Keep in mind, though, that it’s in your best interest to hire the home inspector yourself — and to be present for the home inspection — so you get the most value from the home inspection process, advises Kriegstein.
“This will allow them to not only see firsthand any potential issues or problems but to ask the inspector while on location about the issues discovered,” she explains. “Further, it gives the buyer an opportunity to learn about the home’s systems and maintenance requirements, which can be useful information for future homeownership.”
How do I choose a professional home inspector?
Your realtor is a good place to start when you’re in need of a professional home inspector. However, you can also do the research yourself or get referrals from friends who’ve been through an inspection. In general, you want someone with extensive experience in your area who is also a member of a professional organization of home inspectors.
Organizations such as the International Association of Certified Home Inspectors (InterNACHI), ASHI, and NAHI all provide training programs for professional inspectors. They also require completion of continuing education, which keeps home inspectors up-to-date with state regulations and other important issues. You might also want to ask the inspector for a sample report so you can get an idea of how thorough the inspection will be.
Should the current homeowner be present at the home inspection?
There are some mixed reviews on whether the home seller should attend the inspection. For example, the seller may be able to explain some of the home’s issues or point out access points or the location of utilities to the inspector. However, most experts agree that it’s best for only the buyer to be present when the property is inspected.
“A seller is usually not present during the inspection. Having the seller present can not only make the buyer feel uncomfortable or pressured but [the seller] may want to prevent the inspector from giving an objective assessment of their home’s condition,” Kriegstein points out.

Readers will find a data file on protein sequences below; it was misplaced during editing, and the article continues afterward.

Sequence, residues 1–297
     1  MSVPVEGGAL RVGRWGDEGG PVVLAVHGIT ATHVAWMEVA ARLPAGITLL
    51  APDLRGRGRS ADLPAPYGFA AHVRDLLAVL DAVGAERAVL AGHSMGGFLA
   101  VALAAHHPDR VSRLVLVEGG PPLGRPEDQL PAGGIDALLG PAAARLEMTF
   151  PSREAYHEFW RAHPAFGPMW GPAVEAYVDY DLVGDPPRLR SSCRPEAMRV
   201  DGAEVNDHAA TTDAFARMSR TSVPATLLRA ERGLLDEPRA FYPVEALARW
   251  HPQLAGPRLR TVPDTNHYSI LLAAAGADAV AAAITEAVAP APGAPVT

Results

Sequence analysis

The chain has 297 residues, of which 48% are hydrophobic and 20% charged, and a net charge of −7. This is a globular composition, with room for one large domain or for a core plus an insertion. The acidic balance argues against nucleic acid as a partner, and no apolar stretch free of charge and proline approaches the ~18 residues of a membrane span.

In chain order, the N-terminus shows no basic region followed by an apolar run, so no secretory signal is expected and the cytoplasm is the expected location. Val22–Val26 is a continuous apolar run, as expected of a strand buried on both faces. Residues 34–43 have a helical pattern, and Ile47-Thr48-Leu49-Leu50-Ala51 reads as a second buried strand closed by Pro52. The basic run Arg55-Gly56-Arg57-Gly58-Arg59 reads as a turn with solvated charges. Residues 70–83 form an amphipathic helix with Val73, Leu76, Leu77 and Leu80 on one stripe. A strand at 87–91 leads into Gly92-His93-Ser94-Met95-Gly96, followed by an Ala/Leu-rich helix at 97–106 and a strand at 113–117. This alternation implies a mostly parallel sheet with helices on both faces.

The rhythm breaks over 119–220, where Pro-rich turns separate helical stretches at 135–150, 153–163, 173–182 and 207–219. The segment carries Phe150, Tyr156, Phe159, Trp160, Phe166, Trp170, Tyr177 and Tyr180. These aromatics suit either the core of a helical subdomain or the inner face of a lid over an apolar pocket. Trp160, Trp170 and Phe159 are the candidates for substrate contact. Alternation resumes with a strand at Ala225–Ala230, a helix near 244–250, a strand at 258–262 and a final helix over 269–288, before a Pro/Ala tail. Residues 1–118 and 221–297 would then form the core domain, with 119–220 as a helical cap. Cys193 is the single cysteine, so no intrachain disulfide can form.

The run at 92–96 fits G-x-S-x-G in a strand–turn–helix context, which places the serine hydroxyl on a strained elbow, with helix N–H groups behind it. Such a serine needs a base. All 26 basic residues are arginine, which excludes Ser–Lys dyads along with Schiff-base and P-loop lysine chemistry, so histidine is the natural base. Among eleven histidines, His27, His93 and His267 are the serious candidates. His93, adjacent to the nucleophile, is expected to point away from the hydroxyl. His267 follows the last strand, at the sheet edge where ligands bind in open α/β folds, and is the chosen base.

What is the difference between home appraisals and home inspections?
Oftentimes these two terms can be confused, but they’re not the same. For one, the home appraisal is required by mortgage lenders to assess the current value of the home, not to get into the nitty gritty of each home system.
By contrast, home inspections are not required, and they don’t make any attempt to value the house. Instead, the home inspection is something a potential buyer is simply strongly encouraged to have done so they can be more aware of what they’re buying. On the other hand, it could help potential buyers decide this isn’t the house for them based on what the inspection uncovers.
- On average, home inspections cost between $300 and $500. However, this can vary a lot depending on the location, size, and age of the home.
- The home inspection cost is worth it to have professional home inspectors assess the house’s structural integrity, HVAC, plumbing, electrical systems, safety issues, and more.
- Home inspections aren’t typically required but should be considered a necessary part of the home-buying process.
- Home buyers would be wise to include a home inspection contingency in their home purchase agreement. This way, if the inspector finds major problems, the potential buyers can back out without penalty.
View Article Sources
- Home Page — International Association of Certified Home Inspectors
- Home — American Society of Home Inspectors
- Home Inspections — National Association of REALTORS
- FHA Roster Appraisers — U.S. Department of Housing and Urban Development
- What Is The Best Way To Prepare For an Inspection? — SuperMoney
- No Response From Buyer After a Home Inspection: What Can You Do? — SuperMoney
- How Often Do Contingent Offers Fall Through? — SuperMoney
- Due Diligence vs. Earnest Money: What’s the Difference? — SuperMoney
- How Long is an Appraisal Good For? — SuperMoney
- Cash to Close vs. Closing Costs: What’s the Difference? — SuperMoney